Frq Women 1750-1914
April 5, 2011
Roles of Women in Latin America vs. Western Europe from 1750- 1914
Women of Latin America were far more influential than those of Western Europe before the European period of conquest from the 1500’s until 1750. However, the time from 1750 to 1914 was a revolutionary period in Latin America, Western Europe, and throughout the rest of the world. Not only so, but it was during this time that the ideas of industrialism, imperialism, democracy, capitalism, and nationalism developed and grew. Therefore, due to the various revolutions and arising social and political conflicts and innovations, women played and increasingly larger role throughout the world. Though traditional subordination of women still existed in Western Europe, Latin American societies were less socially restrictive. However, women of Western Europe enjoyed more political rights than those of Latin America.
In both Latin America and Western Europe, political and social revolutions of a dramatic scale developed and grew throughout the countries. Amongst the most prominent of these revolutions were the Haitian Rebellion in Latin America and the French Revolution in Europe. The Haitian Rebellion was led by a former slave and targeted against imperialism. Though slaves led the revolt, women were not widely included. However, it is certain that women did contribute to the cause behind the scenes by either slightly fighting or supporting the rebellion, which ultimately failed. Throughout most of the 1750s until 1914, most of Latin America was dominated by imperial rule which divided it into various colonies or separate spheres of influence. Within the colonies, women, especially those of elite status, were treated entirely subordinate to the men of the household. In contrast, women of lower classes had to work but they strictly kept to working in their homes weaving baskets or tending the fields.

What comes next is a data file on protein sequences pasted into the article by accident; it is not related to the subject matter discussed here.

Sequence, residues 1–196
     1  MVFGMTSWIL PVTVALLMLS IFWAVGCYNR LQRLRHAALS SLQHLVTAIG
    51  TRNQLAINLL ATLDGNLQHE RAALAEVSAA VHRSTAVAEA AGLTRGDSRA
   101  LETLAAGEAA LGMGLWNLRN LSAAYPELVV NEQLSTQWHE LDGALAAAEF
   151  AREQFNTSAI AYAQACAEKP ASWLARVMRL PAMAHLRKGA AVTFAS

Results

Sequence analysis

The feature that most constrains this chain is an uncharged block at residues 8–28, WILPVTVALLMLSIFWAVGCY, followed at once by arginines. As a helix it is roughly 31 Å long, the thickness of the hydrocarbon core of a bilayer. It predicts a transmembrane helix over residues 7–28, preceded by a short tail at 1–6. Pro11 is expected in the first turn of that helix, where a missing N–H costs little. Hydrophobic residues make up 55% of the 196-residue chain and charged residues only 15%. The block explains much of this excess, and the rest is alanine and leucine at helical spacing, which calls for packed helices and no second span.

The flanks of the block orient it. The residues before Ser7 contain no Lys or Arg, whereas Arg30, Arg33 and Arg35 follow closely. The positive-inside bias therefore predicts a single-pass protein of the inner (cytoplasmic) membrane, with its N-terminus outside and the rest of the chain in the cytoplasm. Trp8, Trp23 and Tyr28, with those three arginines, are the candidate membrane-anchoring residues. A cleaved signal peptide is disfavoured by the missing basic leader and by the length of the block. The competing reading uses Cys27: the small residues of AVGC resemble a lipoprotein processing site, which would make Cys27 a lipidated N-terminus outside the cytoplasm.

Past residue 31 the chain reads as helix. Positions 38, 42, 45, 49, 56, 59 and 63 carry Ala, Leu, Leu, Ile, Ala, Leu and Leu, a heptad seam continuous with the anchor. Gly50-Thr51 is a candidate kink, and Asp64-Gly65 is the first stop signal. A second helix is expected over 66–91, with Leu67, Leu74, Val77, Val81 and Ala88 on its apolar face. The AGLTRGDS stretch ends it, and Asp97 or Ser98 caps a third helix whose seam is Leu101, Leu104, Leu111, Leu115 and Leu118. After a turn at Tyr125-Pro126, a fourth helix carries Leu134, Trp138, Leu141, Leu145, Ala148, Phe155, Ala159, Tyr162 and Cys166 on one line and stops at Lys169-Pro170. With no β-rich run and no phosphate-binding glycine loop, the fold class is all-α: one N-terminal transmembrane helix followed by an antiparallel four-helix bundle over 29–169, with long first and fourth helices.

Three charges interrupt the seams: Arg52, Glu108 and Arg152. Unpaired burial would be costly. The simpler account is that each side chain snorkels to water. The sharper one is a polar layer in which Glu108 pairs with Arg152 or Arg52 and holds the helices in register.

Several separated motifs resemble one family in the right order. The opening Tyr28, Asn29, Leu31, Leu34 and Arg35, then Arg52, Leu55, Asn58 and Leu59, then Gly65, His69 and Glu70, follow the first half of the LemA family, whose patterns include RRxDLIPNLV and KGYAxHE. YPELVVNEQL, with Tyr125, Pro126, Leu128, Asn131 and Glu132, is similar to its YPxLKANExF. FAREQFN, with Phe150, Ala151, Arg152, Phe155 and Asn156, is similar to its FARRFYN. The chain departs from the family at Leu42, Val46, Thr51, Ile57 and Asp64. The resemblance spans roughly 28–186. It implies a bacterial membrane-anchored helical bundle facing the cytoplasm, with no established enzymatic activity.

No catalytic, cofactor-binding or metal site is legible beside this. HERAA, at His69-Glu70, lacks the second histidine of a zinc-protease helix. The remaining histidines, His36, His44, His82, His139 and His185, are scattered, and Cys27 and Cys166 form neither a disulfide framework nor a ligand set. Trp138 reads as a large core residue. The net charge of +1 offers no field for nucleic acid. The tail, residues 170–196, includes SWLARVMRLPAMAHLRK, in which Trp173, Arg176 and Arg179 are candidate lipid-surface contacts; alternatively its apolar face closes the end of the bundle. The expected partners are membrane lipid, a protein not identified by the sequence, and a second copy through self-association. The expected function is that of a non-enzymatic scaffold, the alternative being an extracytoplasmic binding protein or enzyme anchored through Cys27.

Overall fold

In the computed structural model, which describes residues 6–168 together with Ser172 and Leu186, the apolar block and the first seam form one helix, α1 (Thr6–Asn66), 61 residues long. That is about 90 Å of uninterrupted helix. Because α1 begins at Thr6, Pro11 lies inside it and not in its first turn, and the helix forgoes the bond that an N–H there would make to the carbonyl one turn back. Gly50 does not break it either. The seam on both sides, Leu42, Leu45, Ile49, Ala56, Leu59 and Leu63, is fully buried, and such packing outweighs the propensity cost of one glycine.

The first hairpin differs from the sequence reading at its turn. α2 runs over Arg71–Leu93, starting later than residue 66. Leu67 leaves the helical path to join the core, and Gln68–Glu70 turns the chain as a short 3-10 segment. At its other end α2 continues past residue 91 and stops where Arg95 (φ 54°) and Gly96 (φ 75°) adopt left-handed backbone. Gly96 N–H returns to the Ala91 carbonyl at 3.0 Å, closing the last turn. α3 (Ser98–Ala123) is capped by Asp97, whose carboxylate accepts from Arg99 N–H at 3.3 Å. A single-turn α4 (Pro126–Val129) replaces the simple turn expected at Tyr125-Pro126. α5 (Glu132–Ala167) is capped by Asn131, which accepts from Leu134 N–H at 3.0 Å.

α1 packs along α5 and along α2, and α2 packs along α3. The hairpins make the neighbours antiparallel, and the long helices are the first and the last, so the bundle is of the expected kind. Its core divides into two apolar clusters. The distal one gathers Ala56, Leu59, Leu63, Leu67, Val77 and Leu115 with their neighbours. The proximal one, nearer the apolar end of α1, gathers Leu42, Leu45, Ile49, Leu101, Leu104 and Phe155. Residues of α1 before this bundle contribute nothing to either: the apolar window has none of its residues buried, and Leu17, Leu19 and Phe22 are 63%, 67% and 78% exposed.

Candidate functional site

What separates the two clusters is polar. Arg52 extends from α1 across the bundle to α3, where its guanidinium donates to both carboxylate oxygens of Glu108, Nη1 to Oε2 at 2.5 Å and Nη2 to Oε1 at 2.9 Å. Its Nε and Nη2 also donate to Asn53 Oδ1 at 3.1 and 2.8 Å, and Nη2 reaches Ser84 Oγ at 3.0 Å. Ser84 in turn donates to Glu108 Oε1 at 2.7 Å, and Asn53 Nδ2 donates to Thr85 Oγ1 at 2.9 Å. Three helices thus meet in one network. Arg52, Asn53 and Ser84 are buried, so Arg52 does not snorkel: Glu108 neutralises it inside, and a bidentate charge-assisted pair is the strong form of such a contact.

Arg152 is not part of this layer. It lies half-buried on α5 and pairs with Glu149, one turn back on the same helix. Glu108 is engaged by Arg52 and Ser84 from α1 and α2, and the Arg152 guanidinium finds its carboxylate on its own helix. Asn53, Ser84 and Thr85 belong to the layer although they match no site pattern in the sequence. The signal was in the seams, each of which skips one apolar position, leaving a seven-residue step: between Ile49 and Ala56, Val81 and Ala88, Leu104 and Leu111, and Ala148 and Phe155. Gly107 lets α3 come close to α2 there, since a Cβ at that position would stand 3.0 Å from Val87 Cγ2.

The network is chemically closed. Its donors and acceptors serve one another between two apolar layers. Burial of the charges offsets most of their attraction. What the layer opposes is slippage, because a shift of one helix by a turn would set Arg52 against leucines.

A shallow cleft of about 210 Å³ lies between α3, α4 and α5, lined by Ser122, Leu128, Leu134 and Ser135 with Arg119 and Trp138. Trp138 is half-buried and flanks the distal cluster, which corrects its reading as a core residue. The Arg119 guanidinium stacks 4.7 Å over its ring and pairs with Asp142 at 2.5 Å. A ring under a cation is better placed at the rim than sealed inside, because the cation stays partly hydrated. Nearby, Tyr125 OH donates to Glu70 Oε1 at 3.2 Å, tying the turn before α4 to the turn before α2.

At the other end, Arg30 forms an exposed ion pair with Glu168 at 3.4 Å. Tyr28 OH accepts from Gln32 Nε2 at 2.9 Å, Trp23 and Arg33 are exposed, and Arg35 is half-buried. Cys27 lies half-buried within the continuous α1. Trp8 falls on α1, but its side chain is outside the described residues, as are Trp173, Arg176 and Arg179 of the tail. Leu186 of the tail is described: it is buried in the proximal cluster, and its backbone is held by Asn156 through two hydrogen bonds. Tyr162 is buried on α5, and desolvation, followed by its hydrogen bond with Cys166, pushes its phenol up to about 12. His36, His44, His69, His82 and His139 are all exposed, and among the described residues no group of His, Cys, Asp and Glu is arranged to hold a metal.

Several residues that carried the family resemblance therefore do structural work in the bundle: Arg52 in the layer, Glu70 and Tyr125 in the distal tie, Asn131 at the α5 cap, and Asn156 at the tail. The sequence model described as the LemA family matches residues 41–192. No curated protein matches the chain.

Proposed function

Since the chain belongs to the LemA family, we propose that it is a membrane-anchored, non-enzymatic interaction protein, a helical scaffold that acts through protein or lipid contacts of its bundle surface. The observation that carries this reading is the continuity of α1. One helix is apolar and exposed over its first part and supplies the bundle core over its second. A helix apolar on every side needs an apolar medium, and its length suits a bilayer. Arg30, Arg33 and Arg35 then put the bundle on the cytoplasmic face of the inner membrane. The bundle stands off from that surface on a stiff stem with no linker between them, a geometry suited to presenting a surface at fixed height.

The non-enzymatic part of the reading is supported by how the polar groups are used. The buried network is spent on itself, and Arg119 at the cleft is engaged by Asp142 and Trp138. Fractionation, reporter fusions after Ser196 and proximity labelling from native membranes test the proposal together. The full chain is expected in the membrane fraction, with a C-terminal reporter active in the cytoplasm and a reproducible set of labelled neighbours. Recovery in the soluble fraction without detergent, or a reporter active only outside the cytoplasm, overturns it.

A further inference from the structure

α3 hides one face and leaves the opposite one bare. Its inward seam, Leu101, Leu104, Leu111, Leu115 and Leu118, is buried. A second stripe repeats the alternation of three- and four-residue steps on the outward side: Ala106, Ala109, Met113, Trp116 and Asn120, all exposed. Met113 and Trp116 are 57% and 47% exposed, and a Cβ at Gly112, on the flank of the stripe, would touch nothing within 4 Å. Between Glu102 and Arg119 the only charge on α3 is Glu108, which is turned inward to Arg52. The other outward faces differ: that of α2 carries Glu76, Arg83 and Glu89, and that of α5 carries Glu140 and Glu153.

In contrast to the Haitian Revolution of Latin America